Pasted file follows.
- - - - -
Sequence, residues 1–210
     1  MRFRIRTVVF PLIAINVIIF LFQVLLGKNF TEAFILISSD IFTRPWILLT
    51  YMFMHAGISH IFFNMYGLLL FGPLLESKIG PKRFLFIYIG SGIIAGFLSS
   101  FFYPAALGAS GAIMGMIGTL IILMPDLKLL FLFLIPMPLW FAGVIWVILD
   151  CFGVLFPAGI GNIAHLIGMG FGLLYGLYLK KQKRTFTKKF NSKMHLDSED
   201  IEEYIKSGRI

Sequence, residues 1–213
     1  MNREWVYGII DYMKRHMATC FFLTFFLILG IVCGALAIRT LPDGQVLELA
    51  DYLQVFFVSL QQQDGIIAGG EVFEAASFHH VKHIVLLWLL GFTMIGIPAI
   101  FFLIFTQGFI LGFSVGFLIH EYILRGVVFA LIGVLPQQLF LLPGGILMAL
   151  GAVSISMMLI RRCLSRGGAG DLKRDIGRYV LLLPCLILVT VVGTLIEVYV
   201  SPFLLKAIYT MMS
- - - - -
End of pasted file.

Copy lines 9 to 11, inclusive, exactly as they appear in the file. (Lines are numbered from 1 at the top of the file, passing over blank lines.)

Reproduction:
    51  DYLQVFFVSL QQQDGIIAGG EVFEAASFHH VKHIVLLWLL GFTMIGIPAI
   101  FFLIFTQGFI LGFSVGFLIH EYILRGVVFA LIGVLPQQLF LLPGGILMAL
   151  GAVSISMMLI RRCLSRGGAG DLKRDIGRYV LLLPCLILVT VVGTLIEVYV